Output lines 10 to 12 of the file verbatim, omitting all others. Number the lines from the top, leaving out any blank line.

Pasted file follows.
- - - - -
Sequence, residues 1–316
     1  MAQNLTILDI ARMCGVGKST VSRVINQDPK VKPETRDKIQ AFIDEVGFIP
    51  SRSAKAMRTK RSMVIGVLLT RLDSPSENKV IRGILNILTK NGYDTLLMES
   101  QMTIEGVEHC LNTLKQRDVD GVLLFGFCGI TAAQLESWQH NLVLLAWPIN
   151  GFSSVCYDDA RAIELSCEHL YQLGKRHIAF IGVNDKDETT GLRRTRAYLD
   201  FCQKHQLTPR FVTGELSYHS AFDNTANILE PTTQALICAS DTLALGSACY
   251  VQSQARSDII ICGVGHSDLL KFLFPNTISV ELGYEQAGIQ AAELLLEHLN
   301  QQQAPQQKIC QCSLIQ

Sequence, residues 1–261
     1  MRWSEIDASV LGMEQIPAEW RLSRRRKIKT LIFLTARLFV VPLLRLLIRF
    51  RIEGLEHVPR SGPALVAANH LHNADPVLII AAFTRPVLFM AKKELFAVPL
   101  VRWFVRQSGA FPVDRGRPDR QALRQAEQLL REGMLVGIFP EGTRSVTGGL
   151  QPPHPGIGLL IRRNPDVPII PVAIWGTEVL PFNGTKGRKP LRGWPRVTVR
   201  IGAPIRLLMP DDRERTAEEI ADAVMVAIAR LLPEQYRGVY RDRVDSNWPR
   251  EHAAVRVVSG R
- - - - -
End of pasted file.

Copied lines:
     1  MRWSEIDASV LGMEQIPAEW RLSRRRKIKT LIFLTARLFV VPLLRLLIRF
    51  RIEGLEHVPR SGPALVAANH LHNADPVLII AAFTRPVLFM AKKELFAVPL
   101  VRWFVRQSGA FPVDRGRPDR QALRQAEQLL REGMLVGIFP EGTRSVTGGL